It’s not often we write about prices going up.

Last week there was a rumor going around that AMD intended to raise prices on the 5800 series. At the time we wrote this off as yet another highly-speculative rumor based on shaky evidence. Official price hikes are virtually unprecedented, after all.

Then things changed.

We’ve talked previously about TSMC – the foundry both NVIDIA and AMD GPUs are manufactured at – having yield issues with their 40nm process. This first surfaced with the Radeon 4770, which at the time of its introduction was being built while TSMC’s yields were below 40%, and this coupled with its popularity made for a significant shortage around its introduction. TSMC continued to improve their yields, and by the time of the Radeon 5000 series launch, AMD told us that they weren’t concerned with yields. As of this summer, TSMC was reporting yields of 60%.

On Friday the 30th, Digitimes broke the word that TSMC’s yields were back down to 40%. This we believe is due to issues TSMC is having ramping up overall 40nm production, but regardless of the reason it represents a 33% drop in usable chips per 40nm wafer. When you’re AMD and you’re rolling out a top-to-bottom 40nm product line in a 6 month period, this is a problem.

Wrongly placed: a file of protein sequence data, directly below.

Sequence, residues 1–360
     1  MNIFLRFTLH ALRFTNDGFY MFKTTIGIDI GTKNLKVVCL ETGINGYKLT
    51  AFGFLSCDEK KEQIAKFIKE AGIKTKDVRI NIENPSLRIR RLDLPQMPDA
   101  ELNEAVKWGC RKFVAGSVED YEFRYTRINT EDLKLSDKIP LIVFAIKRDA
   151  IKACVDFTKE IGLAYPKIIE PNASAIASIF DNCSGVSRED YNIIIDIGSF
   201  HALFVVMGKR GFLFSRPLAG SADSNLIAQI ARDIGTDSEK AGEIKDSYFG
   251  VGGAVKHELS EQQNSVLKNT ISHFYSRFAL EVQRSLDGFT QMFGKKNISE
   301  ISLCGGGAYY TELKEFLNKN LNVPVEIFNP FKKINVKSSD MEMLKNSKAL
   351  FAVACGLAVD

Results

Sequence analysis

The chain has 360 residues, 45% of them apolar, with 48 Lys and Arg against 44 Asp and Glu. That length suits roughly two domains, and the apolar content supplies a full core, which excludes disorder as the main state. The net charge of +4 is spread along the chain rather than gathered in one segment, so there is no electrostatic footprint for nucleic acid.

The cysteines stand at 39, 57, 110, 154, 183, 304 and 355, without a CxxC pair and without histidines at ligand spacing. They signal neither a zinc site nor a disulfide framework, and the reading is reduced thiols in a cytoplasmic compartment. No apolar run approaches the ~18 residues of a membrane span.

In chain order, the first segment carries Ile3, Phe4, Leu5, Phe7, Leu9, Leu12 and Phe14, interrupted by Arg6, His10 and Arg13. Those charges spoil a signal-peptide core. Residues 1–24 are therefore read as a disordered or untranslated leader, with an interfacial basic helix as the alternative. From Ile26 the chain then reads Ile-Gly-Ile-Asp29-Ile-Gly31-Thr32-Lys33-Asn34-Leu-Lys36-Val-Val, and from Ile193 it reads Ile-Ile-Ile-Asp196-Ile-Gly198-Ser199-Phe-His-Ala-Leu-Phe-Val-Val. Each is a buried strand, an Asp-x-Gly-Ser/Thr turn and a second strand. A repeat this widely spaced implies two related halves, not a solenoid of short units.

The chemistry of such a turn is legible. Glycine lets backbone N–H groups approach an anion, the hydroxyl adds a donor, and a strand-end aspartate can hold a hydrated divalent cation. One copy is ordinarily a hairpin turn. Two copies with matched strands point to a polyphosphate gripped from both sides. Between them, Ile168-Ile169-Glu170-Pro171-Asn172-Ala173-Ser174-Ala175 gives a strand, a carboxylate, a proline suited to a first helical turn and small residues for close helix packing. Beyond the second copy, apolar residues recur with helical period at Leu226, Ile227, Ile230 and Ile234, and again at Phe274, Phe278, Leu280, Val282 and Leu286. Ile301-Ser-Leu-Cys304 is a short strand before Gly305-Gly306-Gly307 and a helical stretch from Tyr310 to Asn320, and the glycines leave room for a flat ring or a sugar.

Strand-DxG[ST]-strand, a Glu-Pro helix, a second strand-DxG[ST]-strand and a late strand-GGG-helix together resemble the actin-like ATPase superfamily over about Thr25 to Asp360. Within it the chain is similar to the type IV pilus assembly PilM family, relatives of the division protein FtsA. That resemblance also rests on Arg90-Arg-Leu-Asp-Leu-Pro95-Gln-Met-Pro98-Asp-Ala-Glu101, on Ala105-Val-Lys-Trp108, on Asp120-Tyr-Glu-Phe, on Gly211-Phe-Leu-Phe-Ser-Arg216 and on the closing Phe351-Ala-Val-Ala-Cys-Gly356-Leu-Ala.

The 5870 and 5850: Out Of Stock Everywhere

When the 5800 series launched, we knew supplies would initially be tight, but we had been expecting them to pick up. With these yield problems, that has not happened. Instead 5800 cards continue to be out of stock near-universally, even with the fact that most OEMs have yet to start using these cards. AMD’s current 5800 supplies are being exhausted just by Dell and self-builders.

Meanwhile NVIDIA started the end-of-life process for the GTX 200 series some time ago, with production of the GT200 GPU ramping down. So NVIDIA doesn’t need to play pricing games with AMD, as they’ve already planned on selling out anyhow.

With low supplies, no (single-GPU) performance competition, and no price competition, you have the perfect storm for a price hike.

All of a sudden that rumor about an AMD price hike became far more realistic. Checking around, virtually none of the 5800 series cards are listed at their MSRP. Although they’ve continued to be in low supply since launch, it’s only recently that there’s been a breakaway from the $379 and $259 MSRP of the 5870 and 5850 respectively.

After our latest round of price checks, we talked with AMD about the situation and asked them if there was any truth to the rumor of an official price hike. The news is not good: 5850 prices are officially going up. AMD is citing supply issues of components (including memory) amidst the heavy demand for the 5850, and ultimately deciding to pass the cost on to the consumer. Meanwhile there is no official price hike for the 5870, although it’s going to be affected by any increased component costs just as much as the 5850.